Why Riding In The Himalayas Is So Different From Riding In The Rest Of India
India. A land of many weathers, terrains, and peoples. This country has such a varied landscape and ecology that it deserves to be its own independent continent. A long coastline courtesy of the peninsular layout of the country, a desert to the west which got separated by the Indus river delta, a multitude of rivers crisscrossing the length and breadth of the country, verdant forests dotting the landscape, and last but not the least, multiple mountain ranges including the Sahyadri, Nilgiri, Satpura, and the Himalaya, tallest of them all and the tallest in the world.
There are 25 major mountain peaks in the world, 19 of which call the Himalaya home. The five tallest peaks are also situated in the tallest mountain range on this planet. To put things in perspective, Mount Kilimanjaro, the tallest mountain in the African continent rises 19,314 ft above sea level. Border Roads Organisation India recently constructed a restricted access mountain pass in the Himalaya that lies at a height of 19,300 ft above mean sea level. The mountain pass is called Umling La and is currently accorded the honour of the highest motorable road in the world.
So what sets the Himalayan experience apart from the rest of the places India has to offer? Surely other mountain ranges in the country are also equally challenging? The answer is two-fold. Firstly, the geology of the Himalaya is vastly different from the other ranges owing to the fact of these mountains being pushed up above the sea due to tectonic activity. The Himalaya are still changing with some peaks sinking and others rising.
Due to the constant unstable tectonic activity, mineral-rich strata of the Earth’s crust has been raised to the surface to form these massive mountains. None of these minerals or pure elements support the growth of plants and greenery. Whatever flourishes in the Himalaya is usually next to a mountainous river basin. This makes the Himalaya the highest desert in the world.
This leads us to the second part of the answer. Owing to the sheer altitude the mountain range commands over the surrounding terrain, weather is a volatile element in the Himalaya. Rivers are prone to flash floods, valleys are prone to cloudbursts, and meltwater from the many glaciers dotting the mountains regularly disrupts the lives of the natives and travelers that abound this place. Add to that the height of almost all notable places above sea level, and you have to add another layer to the mix: altitude sickness. At around 11,000 ft and above sea level, the air begins to get thinner leading to low oxygen levels.
The smallest mountain pass in the Himalaya is the Jalori pass in Himachal Pradesh which sits more than 9,000 ft above sea level. Two of the more popular mountain passes, Zoji La in Jammu & Kashmir as well as Rohtang Pass, also in Himachal Pradesh are more than 13,000 ft in altitude. So trouble brews early in these mountains.
Additionally, due to sparse tree cover on the steep and tall sides of the Himalaya, the entire mountain range keeps throwing up random landslides all over. Some are little more than a clump of shooting rocks while others are so massive the Indian Army and BRO needs four to five days to clear the road of the debris. The weather is generally cold up there which leads to blizzards that can snow in critical routes for days on end. Indeed, an entire valley (Spiti) lies out of bounds to outsiders for six months of the year due to snow blocking access.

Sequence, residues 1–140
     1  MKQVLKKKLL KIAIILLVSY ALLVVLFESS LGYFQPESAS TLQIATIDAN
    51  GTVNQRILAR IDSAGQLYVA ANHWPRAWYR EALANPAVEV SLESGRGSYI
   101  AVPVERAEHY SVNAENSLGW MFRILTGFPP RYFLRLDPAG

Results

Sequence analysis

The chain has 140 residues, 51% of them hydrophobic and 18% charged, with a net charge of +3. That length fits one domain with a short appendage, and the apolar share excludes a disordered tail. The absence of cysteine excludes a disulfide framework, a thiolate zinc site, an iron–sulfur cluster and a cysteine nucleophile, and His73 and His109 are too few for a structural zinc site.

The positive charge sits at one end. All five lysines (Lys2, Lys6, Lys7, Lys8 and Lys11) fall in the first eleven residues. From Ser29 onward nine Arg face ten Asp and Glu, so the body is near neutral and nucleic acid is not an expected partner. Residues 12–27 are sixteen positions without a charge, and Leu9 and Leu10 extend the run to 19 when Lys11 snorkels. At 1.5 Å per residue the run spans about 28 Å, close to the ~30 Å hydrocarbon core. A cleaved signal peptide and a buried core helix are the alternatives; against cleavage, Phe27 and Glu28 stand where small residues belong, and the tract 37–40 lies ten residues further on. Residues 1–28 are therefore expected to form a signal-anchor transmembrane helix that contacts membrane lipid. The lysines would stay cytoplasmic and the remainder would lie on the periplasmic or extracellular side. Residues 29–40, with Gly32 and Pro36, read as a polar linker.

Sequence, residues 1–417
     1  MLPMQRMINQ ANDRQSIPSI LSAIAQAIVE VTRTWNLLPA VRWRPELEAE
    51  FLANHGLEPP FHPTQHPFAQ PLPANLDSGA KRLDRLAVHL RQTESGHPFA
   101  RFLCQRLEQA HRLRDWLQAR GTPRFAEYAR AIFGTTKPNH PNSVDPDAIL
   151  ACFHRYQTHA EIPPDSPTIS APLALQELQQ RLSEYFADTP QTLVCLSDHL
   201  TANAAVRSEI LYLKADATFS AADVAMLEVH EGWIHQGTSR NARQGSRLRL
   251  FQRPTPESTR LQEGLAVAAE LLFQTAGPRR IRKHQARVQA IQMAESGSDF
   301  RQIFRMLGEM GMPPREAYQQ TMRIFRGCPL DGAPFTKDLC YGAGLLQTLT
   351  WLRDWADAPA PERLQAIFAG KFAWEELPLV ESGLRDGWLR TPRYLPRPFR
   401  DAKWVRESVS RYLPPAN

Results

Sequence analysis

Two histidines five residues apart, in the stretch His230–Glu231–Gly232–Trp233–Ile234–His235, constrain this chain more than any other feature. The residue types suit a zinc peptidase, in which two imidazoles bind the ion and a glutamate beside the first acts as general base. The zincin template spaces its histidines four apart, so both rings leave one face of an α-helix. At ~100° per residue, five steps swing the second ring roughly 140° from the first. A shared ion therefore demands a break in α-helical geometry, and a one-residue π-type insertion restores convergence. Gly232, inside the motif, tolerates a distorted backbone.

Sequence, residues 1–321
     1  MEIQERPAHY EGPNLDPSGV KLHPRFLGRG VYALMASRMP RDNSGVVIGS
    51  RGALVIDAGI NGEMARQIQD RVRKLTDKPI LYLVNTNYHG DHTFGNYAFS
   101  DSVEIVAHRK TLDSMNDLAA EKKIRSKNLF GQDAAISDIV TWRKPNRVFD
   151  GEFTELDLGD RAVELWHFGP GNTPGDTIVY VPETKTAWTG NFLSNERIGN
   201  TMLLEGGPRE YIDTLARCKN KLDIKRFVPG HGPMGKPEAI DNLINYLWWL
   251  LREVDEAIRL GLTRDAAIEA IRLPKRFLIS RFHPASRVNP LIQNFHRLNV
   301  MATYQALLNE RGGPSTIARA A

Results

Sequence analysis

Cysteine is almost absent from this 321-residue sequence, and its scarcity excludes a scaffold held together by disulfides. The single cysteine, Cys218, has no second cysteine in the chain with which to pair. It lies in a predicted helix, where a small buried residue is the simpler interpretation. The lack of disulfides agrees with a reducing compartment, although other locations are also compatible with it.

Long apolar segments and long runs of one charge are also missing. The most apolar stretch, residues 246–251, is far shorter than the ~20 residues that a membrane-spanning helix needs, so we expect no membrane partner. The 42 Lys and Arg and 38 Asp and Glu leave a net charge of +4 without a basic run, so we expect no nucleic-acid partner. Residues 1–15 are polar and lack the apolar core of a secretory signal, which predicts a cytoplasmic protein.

As a final challenge, the Himalaya acts as a natural border between China and India, with half of Jammu & Kashmir currently occupied by Pakistan, making border roads a very volatile location. The roads have been theatres of battle in the past, with monuments to the losses erected in Kargil and Rezang La.
Despite all of the above factors that seem to be against the idea of a good time on a ride through these mountains, the Himalaya still attracts more and more visitors every year, from India as well as the entire world. One of the biggest reasons why the mighty mountains attract so many visitors is the sheer size of each one of these proud structures.
Struggling through treacherous, life-threatening terrain, braving inclement weather, side-stepping freak natural calamities that regularly occur throughout the range, when you reach your destination and finally get to gaze at the mountains, you are awed and humbled by their commanding yet welcoming presence. You know you will never see anything as massive as the Himalaya anywhere, at least not on this planet.
During our childhood days, we would draw outlandish shapes for landscapes and colour them equally weirdly, never knowing the fact that such places do exist on the Earth. But they do. The Himalaya is a kind of mountain range that does not conform to a set pattern when it comes to geological formations. You can see red rocks somewhere, while huge conical sandstone formations will welcome you in another part of the range.
Due to their massive dimensions, these mountains also influence the play of light and shadows around them, leading to new and unique views each day. While it has to be experienced to be believed, the Himalaya does really hypnotise with its raw, unparalleled beauty. You cease to acknowledge the fact that this place is in fact, a desert.
So it’s not a request; it’s an earnest exhortation: Ride among the Himalaya once in your lifetime!